[amsat-bb] Ham Video

Gaston BERTELS gaston.bertels at skynet.be
Sun Jan 26 10:35:10 PST 2014

HamTV Bulletin #5
January 26, 2014

Ham Video Commissioning – Blank Transmissions

As announced December 22, 2013 the Ham Video 
transmitter is onboard the International Space 
Station and stored in the Columbus module. It is 
slated to be installed February 5, 2014 by 
Michael Hopkins KF5LJG. Hopkins will also install 
the camera and the supporting Bogen arm.
The Ham Video transmitter will be connected to 
the ARISS 41 antenna and to the KuPS power 
supply. The installation procedure comprizes a 
check of the electrical connections. The 
transmitter will be powered on and will transmit 
a signal on 2.422 GHz. This check will be very 
limited in time, just enough to verify that the 
control LEDs are nominal. Then Ham Video will be 
powered off, ready for the first Commissioning Step.
January 23 and 24, Commissioning Simulations were 
again performed by ESA, in collaboration with 
ARISS. The ARISS Team, in charge of receiving the 
signals during the Commissioning, worked with 
B.USOC, simulating the four scheduled 
Commissioning Steps. The procedure was an update 
of the Simulations performed 5-6 September 2013, 
as reported in HamTV Bulletin #2. (All HamTV 
Bulletins are archived at <http://www.ariss-eu.org/>www.ariss-eu.org ).
The four Commissioning steps are scheduled 
February 8, 15 and 16 and March 5. These dates 
are still to be confirmed and this depends on the 
signature of the Flight Rules relative to Ham Video (see HamTV Bulletin #4).
Blank Transmissions will start immediately at the 
conclusion of Commissioning Step 1 and will 
continue till Commissioning Step 4. This means 
that the Ham Video transmitter will operate continuously during 25 days.
The DATV signal parameters will be:
    * Downlink frequency: 2.395 GHz
    * DVB-S standard (QPSK modulation)
    * Symbol rate: 1.3 Ms/s
    * FEC : ½
    * Video PID = 256
    * Audio PID = 257
    * RF radiated power : approximately 10 W EIRP
Ham Video will operate with a Canon XF-305 
camera, but the camera will be turned off during the Blank Transmissions.

Blank Transmissions
A « blank » DVB-S signal contains all the data of 
normal DVB-S. The information tables describing 
the content and the content itself, i.e. the 
video (black) and the audio (silence), are the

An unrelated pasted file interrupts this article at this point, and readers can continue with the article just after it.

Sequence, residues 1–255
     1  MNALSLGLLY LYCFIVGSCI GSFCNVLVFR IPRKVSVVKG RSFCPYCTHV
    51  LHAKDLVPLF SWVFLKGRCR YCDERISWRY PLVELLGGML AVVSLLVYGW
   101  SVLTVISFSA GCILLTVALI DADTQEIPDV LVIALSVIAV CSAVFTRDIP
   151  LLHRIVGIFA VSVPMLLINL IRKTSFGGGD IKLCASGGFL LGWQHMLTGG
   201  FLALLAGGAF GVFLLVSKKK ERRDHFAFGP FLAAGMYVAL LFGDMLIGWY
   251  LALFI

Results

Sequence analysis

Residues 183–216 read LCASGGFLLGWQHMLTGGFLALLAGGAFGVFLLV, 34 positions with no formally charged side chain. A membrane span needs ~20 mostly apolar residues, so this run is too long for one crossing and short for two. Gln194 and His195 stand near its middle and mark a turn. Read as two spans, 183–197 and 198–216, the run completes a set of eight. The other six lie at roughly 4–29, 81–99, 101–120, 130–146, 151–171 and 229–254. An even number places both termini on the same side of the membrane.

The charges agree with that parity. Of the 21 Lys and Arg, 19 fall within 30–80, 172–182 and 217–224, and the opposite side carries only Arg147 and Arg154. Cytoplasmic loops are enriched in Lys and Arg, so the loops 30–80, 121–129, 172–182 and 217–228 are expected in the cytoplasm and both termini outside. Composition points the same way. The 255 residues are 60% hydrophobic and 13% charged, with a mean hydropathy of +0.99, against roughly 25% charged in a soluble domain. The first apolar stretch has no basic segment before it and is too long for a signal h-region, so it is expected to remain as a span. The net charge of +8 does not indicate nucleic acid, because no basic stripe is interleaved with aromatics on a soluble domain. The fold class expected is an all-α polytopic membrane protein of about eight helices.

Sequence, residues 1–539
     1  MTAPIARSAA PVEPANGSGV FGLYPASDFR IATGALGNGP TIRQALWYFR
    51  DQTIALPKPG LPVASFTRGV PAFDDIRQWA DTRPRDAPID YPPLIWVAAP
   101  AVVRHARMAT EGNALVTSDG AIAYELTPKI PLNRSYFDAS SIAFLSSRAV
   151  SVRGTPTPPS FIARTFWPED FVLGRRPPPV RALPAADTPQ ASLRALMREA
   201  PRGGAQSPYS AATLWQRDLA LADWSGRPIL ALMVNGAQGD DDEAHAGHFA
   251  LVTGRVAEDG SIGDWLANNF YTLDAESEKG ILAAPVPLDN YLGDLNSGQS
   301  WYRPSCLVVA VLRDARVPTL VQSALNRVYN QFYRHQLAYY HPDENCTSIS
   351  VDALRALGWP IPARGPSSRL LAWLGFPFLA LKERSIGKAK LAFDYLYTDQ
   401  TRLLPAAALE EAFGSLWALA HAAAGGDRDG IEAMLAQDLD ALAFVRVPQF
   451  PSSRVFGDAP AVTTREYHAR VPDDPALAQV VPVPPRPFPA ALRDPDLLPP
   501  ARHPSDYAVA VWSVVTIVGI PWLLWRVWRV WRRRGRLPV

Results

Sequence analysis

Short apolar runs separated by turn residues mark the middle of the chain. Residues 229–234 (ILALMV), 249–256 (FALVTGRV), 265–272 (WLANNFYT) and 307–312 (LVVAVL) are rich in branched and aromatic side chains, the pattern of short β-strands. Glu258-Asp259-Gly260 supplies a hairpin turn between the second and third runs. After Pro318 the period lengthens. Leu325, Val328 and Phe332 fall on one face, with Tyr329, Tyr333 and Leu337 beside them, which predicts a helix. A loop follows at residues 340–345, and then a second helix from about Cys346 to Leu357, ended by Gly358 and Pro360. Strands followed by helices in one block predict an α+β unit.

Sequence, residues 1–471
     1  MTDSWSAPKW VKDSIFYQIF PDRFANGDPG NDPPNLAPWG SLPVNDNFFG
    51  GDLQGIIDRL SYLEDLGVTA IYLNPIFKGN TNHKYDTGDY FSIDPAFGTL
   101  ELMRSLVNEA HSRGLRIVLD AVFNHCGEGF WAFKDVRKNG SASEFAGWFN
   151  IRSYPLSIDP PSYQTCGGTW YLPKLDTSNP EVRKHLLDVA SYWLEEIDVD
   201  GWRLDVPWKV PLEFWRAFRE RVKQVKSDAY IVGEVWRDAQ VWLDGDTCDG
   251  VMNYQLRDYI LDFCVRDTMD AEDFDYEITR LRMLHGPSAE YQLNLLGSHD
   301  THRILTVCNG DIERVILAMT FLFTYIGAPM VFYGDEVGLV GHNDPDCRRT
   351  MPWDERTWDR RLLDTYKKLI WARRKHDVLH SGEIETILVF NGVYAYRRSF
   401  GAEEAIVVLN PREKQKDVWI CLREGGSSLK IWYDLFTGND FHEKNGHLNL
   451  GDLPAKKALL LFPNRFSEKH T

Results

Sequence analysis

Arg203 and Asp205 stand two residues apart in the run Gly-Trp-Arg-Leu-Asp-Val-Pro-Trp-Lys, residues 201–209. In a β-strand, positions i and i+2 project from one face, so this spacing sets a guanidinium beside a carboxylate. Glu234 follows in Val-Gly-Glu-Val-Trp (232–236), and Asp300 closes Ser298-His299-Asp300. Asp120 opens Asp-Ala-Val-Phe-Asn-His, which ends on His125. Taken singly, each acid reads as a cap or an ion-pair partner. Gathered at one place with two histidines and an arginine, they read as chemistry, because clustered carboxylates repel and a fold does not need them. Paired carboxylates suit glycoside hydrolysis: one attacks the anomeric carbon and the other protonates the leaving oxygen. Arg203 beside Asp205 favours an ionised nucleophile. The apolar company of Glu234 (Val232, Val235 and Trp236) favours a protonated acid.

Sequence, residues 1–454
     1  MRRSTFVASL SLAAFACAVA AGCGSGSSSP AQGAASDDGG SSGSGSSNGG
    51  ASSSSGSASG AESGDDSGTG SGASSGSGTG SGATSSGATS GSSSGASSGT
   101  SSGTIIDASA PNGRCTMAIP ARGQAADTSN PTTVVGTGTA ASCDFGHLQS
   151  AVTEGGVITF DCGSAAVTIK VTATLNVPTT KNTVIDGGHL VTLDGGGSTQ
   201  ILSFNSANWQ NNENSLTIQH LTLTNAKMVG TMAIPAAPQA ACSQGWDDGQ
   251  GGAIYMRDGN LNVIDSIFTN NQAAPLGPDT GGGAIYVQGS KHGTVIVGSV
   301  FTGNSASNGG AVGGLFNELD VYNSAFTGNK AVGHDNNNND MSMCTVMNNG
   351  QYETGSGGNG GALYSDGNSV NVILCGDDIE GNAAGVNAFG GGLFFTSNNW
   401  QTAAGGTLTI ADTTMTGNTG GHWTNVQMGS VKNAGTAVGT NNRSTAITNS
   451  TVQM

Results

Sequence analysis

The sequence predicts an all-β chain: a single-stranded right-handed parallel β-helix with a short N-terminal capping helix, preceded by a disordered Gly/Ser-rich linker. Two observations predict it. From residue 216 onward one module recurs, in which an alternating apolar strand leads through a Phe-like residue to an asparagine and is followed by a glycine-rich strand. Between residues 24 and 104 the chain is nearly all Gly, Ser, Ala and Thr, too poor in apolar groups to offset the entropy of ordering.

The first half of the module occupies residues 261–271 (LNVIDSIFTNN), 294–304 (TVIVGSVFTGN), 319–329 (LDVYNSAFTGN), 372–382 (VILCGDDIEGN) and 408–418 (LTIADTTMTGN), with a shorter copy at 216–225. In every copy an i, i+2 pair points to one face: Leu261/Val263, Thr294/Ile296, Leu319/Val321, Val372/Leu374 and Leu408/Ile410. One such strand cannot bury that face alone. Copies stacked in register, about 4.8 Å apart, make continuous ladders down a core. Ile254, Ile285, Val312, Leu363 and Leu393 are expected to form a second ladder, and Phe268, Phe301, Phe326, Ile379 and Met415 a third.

same as for the image and the sound produced by a camera.
Receiving a black image and silent sound may seem 
uninteresting but, from a technical perspective, 
the digital signal offers an important source of information.
The decoded signal provides many data :
    * the video stream can be measured (Tutioune + TS reader)
    * the audio stream can be measured (Tutioune + TS reader)
    * the DVB tables can be decoded (satellite 
receiver (Set Top Box) or Tutioune or TS reader or VLC 
The DVB tables mention the PIDs (content 
identification numbers) as well as the SDT 
(Service Description Table) with the TV channel name, which will be « HAMTV »
Even without decoding, several measurements of 
the received signal provide valuable information:
    * analogic HF signal strength  (dBm)
    * analogic Signal/Noise ratio (dB)
    * digital Signal/Noise ratio = MER (dB)
    * error/correction ratio = Vber, Cber 

    * validation of the received transport stream = TS

Reception Reports
Ground stations with S-band capability can 
provide valuable information, which will be much appreciated.
Basic data such as:
    * noise level without signal
    * AOS time (UTC)
    * maximum signal level during pass
·         LOS time (UTC)
can be reported by ground stations without the 
need of special DATV hard- and software.
ARISS is preparing a Ham Video Internet Reporting 
Program for collecting reception data from volunteering ground stations.
These most needed reception reports will be gratefully accepted.

Basic DATV receiver
A “Set Top Box” or a Television receiver with 
satellite tuner can be used for receiving Ham 
Video signals during a pass of the ISS.

When scanning the 2.395 GHz frequency, the DVB 
stream can be decoded. When this is successful, 
the channel name « HAMTV » will appear on the TV screen.

Windows computer with TechnoTrend TT S2-1600 card and Tutioune software

A Windows computer with TT S2-1600 receiver card 
can be used for Ham Video reception. See appended 
Block Diagram of N6IZW Station.

The Tutioune software, developed by Jean Pierre 
Courjaud F6DZP, measures and  records  the Ham 
Video signals second per second:
    * HF signal level
    * digital Signal/Noise level = MER (dB)
    * error/correction = Vber
·         validation of the received transport stream = TS

The recorded file can be examined and forwarded to ARISS.

Better even, the data can be forwarded during an 
ISS pass to the TiouneMonitor on 
the   <http://www.vivadatv.org/>www.vivadatv.org 
website. In other words, the data can be observed worldwide, real time.

Tutioune also shows the constellations during 
signal reception (see HamTV Bulletin #4). The TS 
stream can be recorded, but this is less 
interesting since richer information is already available.

Tutioune also decodes the DVB tables and provides 
the PIDs and the channel name  (« HAMTV ») recovered from the SDT table.


Gaston Bertels, ON4WF
ARISS-Europe chairman


More information about the AMSAT-BB mailing list